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Peter Byrne

The many worlds of Hugh Everett III

The idea of parallel worlds has been around for a long time, but in the late 1950's one person suggested that there was some real science behind the idea - a suggestion which is now being taken more and more seriously. In The many worlds of Hugh Everett III : multiple universes, mutual assured destruction, and the meltdown of a nuclear family, Peter Byrne tells the story.

Everett's idea was to cut through some of the mysticism surrounding quantum theory, and take seriously what the equations said. Byrne tells us of how this was mostly ignored at first, as it was in opposition to the Niels Bohr's dominant interpretation of quantum theory, but as the years passed more and more people began to support the Many Worlds idea. Everett soon left academia - his brilliant mind was much appreciated in the Cold War think tanks of the time. He was also an excellent programmer, and went on to set up several of his own businesses. His life wasn't the glowing success you might think though. A heavy drinker, smoker and womaniser, he just couldn't seem to keep his life on the rails. Eventually his health began to suffer and he was just 51 when he died.

The interleaving of different strands in the book helps to make it more accessible, helping the reader to understand not just the intricacies of interpretations of quantum theory, but also some of the reasons for the Cold War nuclear arms race. Highly recommended.

Amazon.com info
Hardcover 456 pages  
ISBN: 0199552274
Salesrank: 1739375
Weight:2.03 lbs
Published: 2010 Oxford University Press
Amazon price $40.43
Marketplace:New from $34.96:Used from $19.99
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Amazon.co.uk info
Hardcover 456 pages  
ISBN: 0199552274
Salesrank: 64066
Weight:2.03 lbs
Published: 2010 OUP Oxford
Amazon price £25.84
Marketplace:New from £24.24:Used from £10.00
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Amazon.ca info
Hardcover 368 pages  
ISBN: 0199552274
Salesrank: 791018
Weight:2.03 lbs
Published: 2010 Oxford University Press
Amazon price CDN$ 55.95
Marketplace:New from CDN$ 46.71:Used from CDN$ 46.70
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Product Description
Peter Byrne tells the story of Hugh Everett III (1930-1982), whose "many worlds" theory of multiple universes has had a profound impact on physics and philosophy. Using Everett's unpublished papers (recently discovered in his son's basement) and dozens of interviews with his friends, colleagues, and surviving family members, Byrne paints, for the general reader, a detailed portrait of the genius who invented an astonishing way of describing our complex universe from the inside. Everett's mathematical model (called the "universal wave function") treats all possible events as "equally real", and concludes that countless copies of every person and thing exist in all possible configurations spread over an infinity of universes: many worlds.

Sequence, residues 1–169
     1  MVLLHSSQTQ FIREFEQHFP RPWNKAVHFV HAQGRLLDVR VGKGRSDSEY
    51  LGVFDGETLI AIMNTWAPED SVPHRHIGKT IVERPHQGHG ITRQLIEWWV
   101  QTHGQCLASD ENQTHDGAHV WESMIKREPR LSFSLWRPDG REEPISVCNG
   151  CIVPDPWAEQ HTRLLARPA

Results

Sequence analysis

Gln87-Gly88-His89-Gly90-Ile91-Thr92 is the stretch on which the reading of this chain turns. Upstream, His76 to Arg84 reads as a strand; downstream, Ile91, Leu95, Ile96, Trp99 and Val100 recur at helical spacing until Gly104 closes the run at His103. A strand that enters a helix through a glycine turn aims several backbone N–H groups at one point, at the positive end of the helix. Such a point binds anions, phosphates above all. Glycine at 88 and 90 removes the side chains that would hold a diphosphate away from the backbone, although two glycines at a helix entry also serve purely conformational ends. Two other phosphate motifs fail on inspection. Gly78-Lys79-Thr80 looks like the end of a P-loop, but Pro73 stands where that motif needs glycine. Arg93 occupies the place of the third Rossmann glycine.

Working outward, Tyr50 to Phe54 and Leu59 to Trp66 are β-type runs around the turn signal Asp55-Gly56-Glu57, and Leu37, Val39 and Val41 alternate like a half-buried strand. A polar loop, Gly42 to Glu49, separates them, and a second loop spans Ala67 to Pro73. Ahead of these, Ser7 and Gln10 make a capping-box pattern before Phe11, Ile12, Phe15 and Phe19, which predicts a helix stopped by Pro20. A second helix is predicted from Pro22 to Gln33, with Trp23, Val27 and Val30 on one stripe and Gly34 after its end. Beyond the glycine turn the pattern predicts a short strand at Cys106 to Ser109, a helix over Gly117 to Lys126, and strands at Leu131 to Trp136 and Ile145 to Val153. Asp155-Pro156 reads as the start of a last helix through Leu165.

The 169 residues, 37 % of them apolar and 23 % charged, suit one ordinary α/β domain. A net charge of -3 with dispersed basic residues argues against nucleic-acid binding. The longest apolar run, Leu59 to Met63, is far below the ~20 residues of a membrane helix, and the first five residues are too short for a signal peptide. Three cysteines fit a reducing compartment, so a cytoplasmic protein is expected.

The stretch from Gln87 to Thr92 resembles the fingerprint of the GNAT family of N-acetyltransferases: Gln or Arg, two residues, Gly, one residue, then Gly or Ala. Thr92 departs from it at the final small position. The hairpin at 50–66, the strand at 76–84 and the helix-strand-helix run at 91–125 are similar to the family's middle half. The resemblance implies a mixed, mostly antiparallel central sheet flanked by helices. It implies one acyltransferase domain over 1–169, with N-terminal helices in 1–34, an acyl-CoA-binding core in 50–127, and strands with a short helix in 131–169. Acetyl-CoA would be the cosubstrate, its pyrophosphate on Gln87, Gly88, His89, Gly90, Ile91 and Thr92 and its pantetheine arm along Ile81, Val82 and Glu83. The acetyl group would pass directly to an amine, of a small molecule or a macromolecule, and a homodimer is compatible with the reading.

Afflicted by depression and addictions, Everett strove to bring rational order to the professional realms in which he played historically significant roles. In addition to his famous interpretation of quantum mechanics, Everett wrote a classic paper in game theory; created computer algorithms that revolutionized military operations research; and performed pioneering work in artificial intelligence for top secret government projects. He wrote the original software for targeting cities in a nuclear hot war; and he was one of the first scientists to recognize the danger of nuclear winter. As a Cold Warrior, he designed logical systems that modeled "rational" human and machine behaviors, and yet he was largely oblivious to the emotional damage his irrational personal behavior inflicted upon his family, lovers, and business partners.

He died young, but left behind a fascinating record of his life, including correspondence with such philosophically inclined physicists as Niels Bohr, Norbert Wiener, and John Wheeler. These remarkable letters illuminate the long and often bitter struggle to explain the paradox of measurement at the heart of quantum physics. In recent years, Everett's solution to this mysterious problem-the existence of a universe of universes-has gained considerable traction in scientific circles, not as science fiction, but as an explanation of physical reality.